Opinion: Gay blood donation ban to be lifted – well, barely

The news broke over the weekend that an announcement is imminent on the policy surrounding the lifetime ban on donating blood for any man who has ever had sex with another man.

The writing on the wall appears to be that gay men who have not had sex for a decade might in future be allowed to give blood.

This decision was the likely outcome of the scientific review into blood donation, when I researched the issue for an op-ed slot on Pod Delusion live. It was one of the things I mocked in front of a live pub audience.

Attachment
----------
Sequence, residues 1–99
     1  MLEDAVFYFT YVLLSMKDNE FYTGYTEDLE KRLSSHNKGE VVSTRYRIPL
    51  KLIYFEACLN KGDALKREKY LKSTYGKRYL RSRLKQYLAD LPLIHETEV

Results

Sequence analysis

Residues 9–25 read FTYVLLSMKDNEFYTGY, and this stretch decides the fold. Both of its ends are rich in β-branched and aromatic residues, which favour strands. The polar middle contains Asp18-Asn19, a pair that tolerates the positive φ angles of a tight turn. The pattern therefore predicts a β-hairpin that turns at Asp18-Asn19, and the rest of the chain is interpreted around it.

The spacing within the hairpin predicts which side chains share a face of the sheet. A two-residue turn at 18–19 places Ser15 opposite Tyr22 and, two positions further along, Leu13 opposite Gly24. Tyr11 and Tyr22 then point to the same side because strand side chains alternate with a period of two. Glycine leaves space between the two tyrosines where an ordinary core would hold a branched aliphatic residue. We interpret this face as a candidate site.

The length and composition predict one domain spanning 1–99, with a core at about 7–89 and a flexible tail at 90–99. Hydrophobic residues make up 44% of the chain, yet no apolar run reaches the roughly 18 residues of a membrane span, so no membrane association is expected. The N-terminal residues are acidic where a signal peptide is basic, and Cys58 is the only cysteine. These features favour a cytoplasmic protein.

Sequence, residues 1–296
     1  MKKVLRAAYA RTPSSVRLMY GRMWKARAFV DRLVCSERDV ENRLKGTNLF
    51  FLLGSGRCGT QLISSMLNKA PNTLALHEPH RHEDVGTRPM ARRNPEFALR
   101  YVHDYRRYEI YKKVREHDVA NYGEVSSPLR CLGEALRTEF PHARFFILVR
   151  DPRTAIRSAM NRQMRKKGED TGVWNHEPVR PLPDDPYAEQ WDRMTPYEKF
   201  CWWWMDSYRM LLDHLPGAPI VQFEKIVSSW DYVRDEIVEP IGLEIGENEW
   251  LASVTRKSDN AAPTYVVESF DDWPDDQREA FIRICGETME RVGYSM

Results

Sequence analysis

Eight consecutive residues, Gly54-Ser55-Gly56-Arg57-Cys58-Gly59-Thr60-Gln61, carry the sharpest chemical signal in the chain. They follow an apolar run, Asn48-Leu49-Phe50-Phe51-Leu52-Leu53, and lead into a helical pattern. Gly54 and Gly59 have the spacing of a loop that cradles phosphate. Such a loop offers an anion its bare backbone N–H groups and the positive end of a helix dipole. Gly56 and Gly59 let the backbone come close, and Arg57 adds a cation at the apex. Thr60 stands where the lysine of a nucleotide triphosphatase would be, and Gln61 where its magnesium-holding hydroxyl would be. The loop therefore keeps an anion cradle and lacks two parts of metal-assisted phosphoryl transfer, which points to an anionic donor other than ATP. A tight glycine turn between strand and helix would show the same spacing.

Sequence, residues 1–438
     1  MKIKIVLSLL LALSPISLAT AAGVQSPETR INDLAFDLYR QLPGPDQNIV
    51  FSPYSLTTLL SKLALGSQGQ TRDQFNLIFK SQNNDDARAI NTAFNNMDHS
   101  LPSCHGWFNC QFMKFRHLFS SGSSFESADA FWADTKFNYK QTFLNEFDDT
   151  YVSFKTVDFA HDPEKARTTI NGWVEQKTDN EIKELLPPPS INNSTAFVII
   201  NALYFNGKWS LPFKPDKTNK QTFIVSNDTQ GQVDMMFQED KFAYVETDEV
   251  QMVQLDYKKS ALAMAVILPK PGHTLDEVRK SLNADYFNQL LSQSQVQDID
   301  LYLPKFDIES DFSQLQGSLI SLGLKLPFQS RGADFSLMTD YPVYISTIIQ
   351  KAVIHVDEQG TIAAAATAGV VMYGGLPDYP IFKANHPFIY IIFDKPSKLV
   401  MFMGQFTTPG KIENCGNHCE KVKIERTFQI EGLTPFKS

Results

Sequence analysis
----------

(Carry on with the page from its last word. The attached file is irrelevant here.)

The Advisory Committee for the Safety of Blood, Tissue and Organs (SaBTO) have been looking at the issue for over two years. If you check their website on the NHS pages you can read the minutes of the committee and a number of academic papers they are considering as part of making up their minds.

One of the “compromises” they appear to be coming to is suggesting that gay men who haven’t had gay sex for five years become eligible to donate blood.

This would have the bizarre outcome of putting the NHS in the same situation as the Anglican Church. “We’re absolutely fine with teh gays – just so long as we can be sure that you’re not actually f***ing.”

Will Howells joked at the time that it meant you could redefine “a dry spell” as “taking one for the team” – which made me chuckle then.

But joking aside, this is a disappointing decision.